In his JavaOne talk this year, Josh Bloch gave some very useful tips about using enums in Java. Here is my take on enums, and how to use them to represent simple value lists which would otherwise be stored in code tables. This document is in two parts - Part one covers the basics of Java enums, and Part 2 goes into more advanced use cases such as using enums with Hibernate.

Introducing Java enums

An enum represents a pre-defined list of static values. Most applications have lots of places where you need this sort of thing. Colours, states, font-styles - the list is endless. A common older approach (required before Java 5) was to define lists of static values is to use integer constants, as shown here:

public class Issue {
    public static final int STATUS_OPEN = 1;
    public static final int STATUS_CLOSED = 2;
    public static final int STATUS_REOPENED = 3;
    
    private int status;

    public void setStatus(int status) {
        this.status = status
    }
    ...
}


 

However, this is a very poor solution, for many reasons, that Josh discusses in some detail in his Effective Javabook. For example, there is no type safety. You can use any integer value in this field, which can result in errors, eg:

    issue.setStatus(4); // This is wrong!


 

In addition, the solution is fragile. These values are integers, so they will be compiled into the classes that use them. Should you modify the int value associated with a particular constant, the client classes will not automatically recompile. And if the client classes are not recompiled, they will continue to use the old values, which will result in strange errors.



Luckely, in Java 5, you can use enums for a much more type-safe approach. An enum is basically a type-safe, pre-defined list of values, which you can define as follows: 
public enum Status {
    Open, Closed, Reopened
};


 

You can define an enum in the same way as you would a class. Enums that are used by many classes should be defined as public, stand-alone classes, defined in their own *.java file. Enums that are only used by a particular class, on the other hand should be defined as public inner classes, as shown here:

public class Issue {

    public enum Status {
        Open, Closed, Reopened
    };

    private Status status;

    public Status getStatus() {
        return status;
    }

    public void setStatus(Status status) {
        this.status = status;
    }
    ...
}


 

On of the great things about this is how typesafe it all is. You can use an enum like this as follows:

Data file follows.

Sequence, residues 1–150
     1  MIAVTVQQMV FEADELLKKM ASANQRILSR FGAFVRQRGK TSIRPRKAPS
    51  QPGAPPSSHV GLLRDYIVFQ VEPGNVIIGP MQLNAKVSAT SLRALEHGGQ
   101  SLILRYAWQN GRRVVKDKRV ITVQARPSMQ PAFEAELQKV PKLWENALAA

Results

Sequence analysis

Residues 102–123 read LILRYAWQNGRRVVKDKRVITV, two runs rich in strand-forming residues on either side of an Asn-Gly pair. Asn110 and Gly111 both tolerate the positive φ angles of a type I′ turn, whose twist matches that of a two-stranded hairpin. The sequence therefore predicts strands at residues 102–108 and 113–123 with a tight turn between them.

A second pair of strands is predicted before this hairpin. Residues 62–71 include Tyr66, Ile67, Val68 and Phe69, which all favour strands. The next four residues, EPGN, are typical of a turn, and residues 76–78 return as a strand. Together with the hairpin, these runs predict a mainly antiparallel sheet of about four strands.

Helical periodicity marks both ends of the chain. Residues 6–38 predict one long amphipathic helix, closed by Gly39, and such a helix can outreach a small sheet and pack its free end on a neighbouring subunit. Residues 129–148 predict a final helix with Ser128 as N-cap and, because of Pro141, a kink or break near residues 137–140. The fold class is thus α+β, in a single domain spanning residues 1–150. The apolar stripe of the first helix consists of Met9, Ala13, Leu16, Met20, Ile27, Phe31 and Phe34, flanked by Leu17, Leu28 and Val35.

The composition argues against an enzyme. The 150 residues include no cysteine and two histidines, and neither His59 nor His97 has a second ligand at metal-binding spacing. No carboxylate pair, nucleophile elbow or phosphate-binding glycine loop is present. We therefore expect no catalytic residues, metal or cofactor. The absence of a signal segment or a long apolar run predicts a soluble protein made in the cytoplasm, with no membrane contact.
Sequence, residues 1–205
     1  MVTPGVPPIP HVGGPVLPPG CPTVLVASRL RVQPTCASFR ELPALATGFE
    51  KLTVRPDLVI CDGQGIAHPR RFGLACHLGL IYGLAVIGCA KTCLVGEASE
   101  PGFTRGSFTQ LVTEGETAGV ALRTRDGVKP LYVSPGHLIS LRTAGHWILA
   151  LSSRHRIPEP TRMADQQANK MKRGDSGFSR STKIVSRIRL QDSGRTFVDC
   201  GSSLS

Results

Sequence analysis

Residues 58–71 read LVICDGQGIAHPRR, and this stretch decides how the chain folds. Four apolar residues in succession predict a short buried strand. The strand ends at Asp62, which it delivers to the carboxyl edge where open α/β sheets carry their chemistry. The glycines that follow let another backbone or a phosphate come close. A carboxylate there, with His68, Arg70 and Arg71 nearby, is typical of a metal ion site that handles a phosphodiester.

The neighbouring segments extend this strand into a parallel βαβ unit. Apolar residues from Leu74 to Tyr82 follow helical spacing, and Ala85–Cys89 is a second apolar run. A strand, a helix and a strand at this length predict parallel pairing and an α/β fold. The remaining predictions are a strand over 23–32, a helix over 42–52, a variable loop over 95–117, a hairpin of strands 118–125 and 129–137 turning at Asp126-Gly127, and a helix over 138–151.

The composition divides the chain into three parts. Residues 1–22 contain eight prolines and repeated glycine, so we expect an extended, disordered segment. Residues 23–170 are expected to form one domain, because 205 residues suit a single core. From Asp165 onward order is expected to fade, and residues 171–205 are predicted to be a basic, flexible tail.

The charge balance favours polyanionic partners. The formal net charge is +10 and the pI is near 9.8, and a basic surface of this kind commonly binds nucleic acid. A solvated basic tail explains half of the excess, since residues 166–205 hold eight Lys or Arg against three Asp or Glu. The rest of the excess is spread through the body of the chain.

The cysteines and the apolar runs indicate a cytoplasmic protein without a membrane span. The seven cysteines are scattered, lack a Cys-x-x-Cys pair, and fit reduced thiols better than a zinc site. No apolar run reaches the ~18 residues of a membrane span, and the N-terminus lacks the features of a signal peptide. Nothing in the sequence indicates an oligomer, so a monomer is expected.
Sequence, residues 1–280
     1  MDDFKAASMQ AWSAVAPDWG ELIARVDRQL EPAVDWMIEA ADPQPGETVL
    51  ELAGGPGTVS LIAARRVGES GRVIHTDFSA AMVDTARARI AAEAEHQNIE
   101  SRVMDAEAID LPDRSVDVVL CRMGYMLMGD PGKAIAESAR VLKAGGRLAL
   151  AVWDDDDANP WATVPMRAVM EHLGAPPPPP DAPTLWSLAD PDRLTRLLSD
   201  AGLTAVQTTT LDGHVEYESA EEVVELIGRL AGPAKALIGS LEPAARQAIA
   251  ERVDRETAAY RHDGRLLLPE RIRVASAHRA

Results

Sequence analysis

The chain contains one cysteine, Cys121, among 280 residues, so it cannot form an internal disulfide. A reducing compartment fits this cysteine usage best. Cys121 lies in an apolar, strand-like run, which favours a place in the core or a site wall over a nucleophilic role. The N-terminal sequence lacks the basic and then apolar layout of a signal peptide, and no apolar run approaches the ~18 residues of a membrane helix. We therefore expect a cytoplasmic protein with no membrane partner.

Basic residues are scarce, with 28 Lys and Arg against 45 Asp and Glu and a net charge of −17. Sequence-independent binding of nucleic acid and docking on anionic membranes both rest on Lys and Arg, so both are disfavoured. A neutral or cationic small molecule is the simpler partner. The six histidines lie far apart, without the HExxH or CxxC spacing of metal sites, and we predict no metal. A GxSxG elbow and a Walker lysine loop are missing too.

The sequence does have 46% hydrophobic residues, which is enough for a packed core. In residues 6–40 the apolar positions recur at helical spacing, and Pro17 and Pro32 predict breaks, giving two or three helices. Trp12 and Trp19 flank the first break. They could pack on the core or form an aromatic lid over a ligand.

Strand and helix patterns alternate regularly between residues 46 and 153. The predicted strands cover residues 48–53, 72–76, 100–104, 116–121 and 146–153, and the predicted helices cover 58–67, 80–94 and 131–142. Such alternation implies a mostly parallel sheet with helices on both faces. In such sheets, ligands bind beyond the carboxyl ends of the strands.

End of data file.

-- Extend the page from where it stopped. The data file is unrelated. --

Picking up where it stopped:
Issue issue = new Issue();
        issue.setStatus(Issue.Status.Closed);
        assertThat(issue.getStatus(), is(Issue.Status.Closed)); 


 

Here, you cannot fail to put a legal value into the status field, as it is verified by the compiler. For example, the following code, where we try to assign an Importance value to the Status field, simply won't compile:

        Issue issue = new Issue();
        activity.setStatus(Issue.Importance.Low);  // This will not compile


 

Of course, if you use static imports, the code is even simpler:

import static com.mycompany.Issue.Status.Closed;
        ...
        Issue issue = new Issue();
        issue.setStatus(Closed);


 

Listing enum values

Now there are times that you might need to list the values in an enumaration. For example, you may want to create a list of entries in a SELECT element on an HTML page. You can do this with the static

values()
method, as shown here: 
        ActivityStatus[] values = ActivityStatus.values();
        for(ActivityStatus status : values) {
            System.out.println(status);
        }


 

This will produce the following list:

Open
Closed
Reopened


 

Easy! Note that the enum values are displayed in their natural order (their order of appearance in the Java class), not in alphabetical order. This means you can define an implicit order, and not worry about having to add an extra field to define the order manually.

Conclusion

So now, we've covered some of the basic uses of enums. In the next part of this article, we will look at more advanced uses of enums, such as how they integrate with Hibernate.